DBCC CHECKCONSTRAINTS (Transact-SQL)

Applies to: SQL Server (all supported versions) Azure SQL Database Azure SQL Managed Instance

Checks the integrity of a specified constraint or all constraints on a specified table in the current database.

Transact-SQL syntax conventions

Syntax

DBCC CHECKCONSTRAINTS
[
    (
    table_name | table_id | constraint_name | constraint_id
    )
]
    [ WITH
    [ { ALL_CONSTRAINTS | ALL_ERRORMSGS } ]
    [ , ] [ NO_INFOMSGS ]
    ]

Note

To view Transact-SQL syntax for SQL Server 2014 and earlier, see Previous versions documentation.

Arguments

table_name | table_id | constraint_name | constraint_id

The table or constraint to be checked. When table_name or table_id is specified, all enabled constraints on that table are checked. When constraint_name or constraint_id is specified, only that constraint is checked. If a table identifier or a constraint identifier isn't specified, all enabled constraints on all tables in the current database are checked.

A constraint name uniquely identifies the table to which it belongs. For more information, see Database Identifiers.

WITH

Enables options to be specified.

  • ALL_CONSTRAINTS

    Checks all enabled and disabled constraints on the table if the table name is specified or if all tables are checked; otherwise, checks only the enabled constraint. ALL_CONSTRAINTS has no effect when a constraint name is specified.

  • ALL_ERRORMSGS

    Returns all rows that violate constraints in the table that is checked. The default is the first 200 rows.

  • NO_INFOMSGS

    Suppresses all informational messages.

Remarks

DBCC CHECKCONSTRAINTS constructs and executes a query for all FOREIGN KEY constraints and CHECK constraints on a table.

For example, a foreign key query is of the following form:

SELECT <columns>
FROM <table_being_checked> LEFT JOIN <referenced_table>
    ON <table_being_checked.fkey1> = <referenced_table.pkey1>
    AND <table_being_checked.fkey2> = <referenced_table.pkey2>
WHERE <table_being_checked.fkey1> IS NOT NULL
    AND <referenced_table.pkey1> IS NULL
    AND <table_being_checked.fkey2> IS NOT NULL
    AND <referenced_table.pkey2> IS NULL;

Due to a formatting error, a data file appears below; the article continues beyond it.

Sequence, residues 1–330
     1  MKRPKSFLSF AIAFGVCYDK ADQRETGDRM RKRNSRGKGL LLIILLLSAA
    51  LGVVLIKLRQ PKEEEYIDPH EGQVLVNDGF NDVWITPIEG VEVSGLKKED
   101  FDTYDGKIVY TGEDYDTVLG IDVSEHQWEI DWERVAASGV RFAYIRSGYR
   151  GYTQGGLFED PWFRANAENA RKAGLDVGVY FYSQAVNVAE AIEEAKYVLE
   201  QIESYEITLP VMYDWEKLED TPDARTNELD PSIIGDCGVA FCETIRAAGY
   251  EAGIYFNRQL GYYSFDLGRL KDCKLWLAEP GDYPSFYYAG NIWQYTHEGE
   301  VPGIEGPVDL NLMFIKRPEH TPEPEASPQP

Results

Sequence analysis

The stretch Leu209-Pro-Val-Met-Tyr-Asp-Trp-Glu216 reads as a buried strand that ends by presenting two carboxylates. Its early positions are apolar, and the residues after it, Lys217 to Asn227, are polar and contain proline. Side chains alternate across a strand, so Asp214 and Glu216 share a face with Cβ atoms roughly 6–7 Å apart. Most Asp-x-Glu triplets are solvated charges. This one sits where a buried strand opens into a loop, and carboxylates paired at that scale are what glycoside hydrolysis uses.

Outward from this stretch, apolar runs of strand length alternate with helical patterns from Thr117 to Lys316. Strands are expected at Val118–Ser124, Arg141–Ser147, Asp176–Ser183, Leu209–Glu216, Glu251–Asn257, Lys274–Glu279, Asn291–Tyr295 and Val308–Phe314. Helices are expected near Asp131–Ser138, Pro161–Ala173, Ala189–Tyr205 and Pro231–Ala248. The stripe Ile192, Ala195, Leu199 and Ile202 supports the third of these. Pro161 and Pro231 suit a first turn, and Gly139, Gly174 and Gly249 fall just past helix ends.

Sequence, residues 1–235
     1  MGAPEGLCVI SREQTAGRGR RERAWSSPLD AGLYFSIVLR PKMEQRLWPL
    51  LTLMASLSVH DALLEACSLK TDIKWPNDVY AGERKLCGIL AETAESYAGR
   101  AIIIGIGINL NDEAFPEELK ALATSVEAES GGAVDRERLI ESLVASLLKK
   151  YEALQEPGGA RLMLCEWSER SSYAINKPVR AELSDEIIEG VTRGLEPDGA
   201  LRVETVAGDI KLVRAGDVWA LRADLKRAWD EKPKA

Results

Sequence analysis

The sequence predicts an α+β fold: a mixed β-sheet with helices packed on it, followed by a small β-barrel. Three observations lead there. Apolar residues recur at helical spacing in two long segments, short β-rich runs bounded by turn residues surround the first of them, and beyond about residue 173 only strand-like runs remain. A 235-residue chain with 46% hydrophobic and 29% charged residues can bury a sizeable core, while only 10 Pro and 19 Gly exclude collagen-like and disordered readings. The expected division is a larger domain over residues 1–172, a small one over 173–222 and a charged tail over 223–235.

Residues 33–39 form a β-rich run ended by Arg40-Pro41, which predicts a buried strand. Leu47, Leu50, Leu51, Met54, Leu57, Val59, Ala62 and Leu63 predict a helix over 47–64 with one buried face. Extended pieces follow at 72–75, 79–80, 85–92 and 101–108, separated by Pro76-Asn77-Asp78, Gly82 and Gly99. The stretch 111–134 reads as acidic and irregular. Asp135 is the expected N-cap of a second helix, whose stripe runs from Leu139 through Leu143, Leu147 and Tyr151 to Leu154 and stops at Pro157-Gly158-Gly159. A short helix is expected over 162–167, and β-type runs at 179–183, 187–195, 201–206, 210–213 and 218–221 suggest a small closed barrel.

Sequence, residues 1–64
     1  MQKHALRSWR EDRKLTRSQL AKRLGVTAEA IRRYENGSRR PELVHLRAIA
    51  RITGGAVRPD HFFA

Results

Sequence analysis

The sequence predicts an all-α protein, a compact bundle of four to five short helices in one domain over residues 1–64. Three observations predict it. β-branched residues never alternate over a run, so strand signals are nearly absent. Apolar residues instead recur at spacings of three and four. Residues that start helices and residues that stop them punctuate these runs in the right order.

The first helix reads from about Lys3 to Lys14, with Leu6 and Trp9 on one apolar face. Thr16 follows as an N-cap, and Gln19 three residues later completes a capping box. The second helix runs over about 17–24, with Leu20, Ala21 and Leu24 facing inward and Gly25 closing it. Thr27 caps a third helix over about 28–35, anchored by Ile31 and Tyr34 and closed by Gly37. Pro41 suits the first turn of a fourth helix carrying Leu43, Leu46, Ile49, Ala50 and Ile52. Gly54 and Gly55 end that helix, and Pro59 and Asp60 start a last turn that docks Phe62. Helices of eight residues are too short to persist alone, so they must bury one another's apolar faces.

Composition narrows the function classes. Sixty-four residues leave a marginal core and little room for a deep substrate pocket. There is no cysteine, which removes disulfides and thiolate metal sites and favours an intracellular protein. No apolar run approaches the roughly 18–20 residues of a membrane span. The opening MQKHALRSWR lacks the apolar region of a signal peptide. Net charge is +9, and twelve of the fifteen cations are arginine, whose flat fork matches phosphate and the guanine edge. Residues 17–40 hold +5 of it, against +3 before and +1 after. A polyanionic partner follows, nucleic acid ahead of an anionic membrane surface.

The query data is stored in a temp table. After all requested tables or constraints have been checked, the result set is returned.

DBCC CHECKCONSTRAINTS checks the integrity of FOREIGN KEY and CHECK constraints but doesn't check the integrity of the on-disk data structures of a table. These data structure checks can be performed by using DBCC CHECKDB and DBCC CHECKTABLE.

Applies to: SQL Server 2016 (13.x) and later versions

If table_name or table_id is specified and it is enabled for system versioning, DBCC CHECKCONSTRAINTS also performs temporal data consistency checks on the specified table. When NO_INFOMSGS isn't specified, this command will return each consistency violation in the output on a separate line. The format of the output will be ([pkcol1], [pkcol2]..) = (<pkcol1_value>, <pkcol2_value>...) AND <what is wrong with temporal table record>.

Check Additional info in output if check failed
PeriodEndColumn >= PeriodStartColumn (current) [sys_end] = '{0}' AND MAX(DATETIME2) = '9999-12-31 23:59:59.99999'
PeriodEndColumn >= PeriodStartColumn (current, history) [sys_start] = '{0}' AND [sys_end] = '{1}'
PeriodStartColumn < current_utc_time (current) [sys_start] = '{0}' AND SYSUTCTIME
PeriodEndColumn < current_utc_time (history) [sys_end] = '{0}' AND SYSUTCTIME
Overlaps (sys_start1, sys_end1), (sys_start2, sys_end2) for two overlapping records.

If there are more than two overlapping records, output will have multiple rows each showing a pair of overlaps.

You can't specify constraint_name or constraint_id in order to run only temporal consistency checks.

Result sets

DBCC CHECKCONSTRAINTS return a rowset with the following columns.

Column name Data type Description
Table Name varchar Name of the table.
Constraint Name varchar Name of the constraint that is violated.
Where varchar Column value assignments that identify the row or rows violating the constraint.

The value in this column can be used in a WHERE clause of a SELECT statement querying for rows that violate the constraint.

DBCC CHECKCONSTRAINTS isn't guaranteed to find all constraint violations. If a single row violates multiple constraints, only the WHERE clause for the first violation is listed. Unless another row exists with the same combination of values that produce the violation, and has that violation as the first violation found, the combination of values will be missing from the returned result set. You may have to run DBCC CHECKCONSTRAINTS and fix problems several times before finding all constraint violations in the database.

Permissions

Requires membership in the sysadmin fixed server role or the db_owner fixed database role.

Examples

A. Check a table

The following example checks the constraint integrity of the table Table1 in the AdventureWorks2022 database.

USE AdventureWorks2022;
GO
CREATE TABLE Table1 (Col1 INT, Col2 CHAR(30));
GO
INSERT INTO Table1 VALUES (100, 'Hello');
GO
ALTER TABLE Table1 WITH NOCHECK ADD CONSTRAINT chkTab1 CHECK (Col1 > 100);
GO
DBCC CHECKCONSTRAINTS (Table1);
GO

B. Check a specific constraint

The following example checks the integrity of the CK_ProductCostHistory_EndDate constraint.

USE AdventureWorks2022;
GO
DBCC CHECKCONSTRAINTS ('Production.CK_ProductCostHistory_EndDate');
GO

C. Check all enabled and disabled constraints on all tables

The following example checks the integrity of all enabled and disabled constraints on all tables in the current database.

DBCC CHECKCONSTRAINTS WITH ALL_CONSTRAINTS;
GO

See also